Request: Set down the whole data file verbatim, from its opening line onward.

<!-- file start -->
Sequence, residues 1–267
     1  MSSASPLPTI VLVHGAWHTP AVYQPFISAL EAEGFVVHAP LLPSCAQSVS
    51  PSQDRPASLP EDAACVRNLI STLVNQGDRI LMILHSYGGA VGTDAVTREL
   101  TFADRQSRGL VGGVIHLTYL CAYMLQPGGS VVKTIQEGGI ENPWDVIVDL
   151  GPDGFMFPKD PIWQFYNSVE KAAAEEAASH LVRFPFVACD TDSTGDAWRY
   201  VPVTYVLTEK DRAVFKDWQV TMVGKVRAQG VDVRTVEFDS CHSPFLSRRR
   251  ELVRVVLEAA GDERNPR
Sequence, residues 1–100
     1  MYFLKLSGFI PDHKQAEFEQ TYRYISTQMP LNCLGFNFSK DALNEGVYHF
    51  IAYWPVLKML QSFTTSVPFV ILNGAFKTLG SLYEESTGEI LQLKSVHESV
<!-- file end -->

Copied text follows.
Sequence, residues 1–267
     1  MSSASPLPTI VLVHGAWHTP AVYQPFISAL EAEGFVVHAP LLPSCAQSVS
    51  PSQDRPASLP EDAACVRNLI STLVNQGDRI LMILHSYGGA VGTDAVTREL
   101  TFADRQSRGL VGGVIHLTYL CAYMLQPGGS VVKTIQEGGI ENPWDVIVDL
   151  GPDGFMFPKD PIWQFYNSVE KAAAEEAASH LVRFPFVACD TDSTGDAWRY
   201  VPVTYVLTEK DRAVFKDWQV TMVGKVRAQG VDVRTVEFDS CHSPFLSRRR
   251  ELVRVVLEAA GDERNPR
Sequence, residues 1–100
     1  MYFLKLSGFI PDHKQAEFEQ TYRYISTQMP LNCLGFNFSK DALNEGVYHF
    51  IAYWPVLKML QSFTTSVPFV ILNGAFKTLG SLYEESTGEI LQLKSVHESV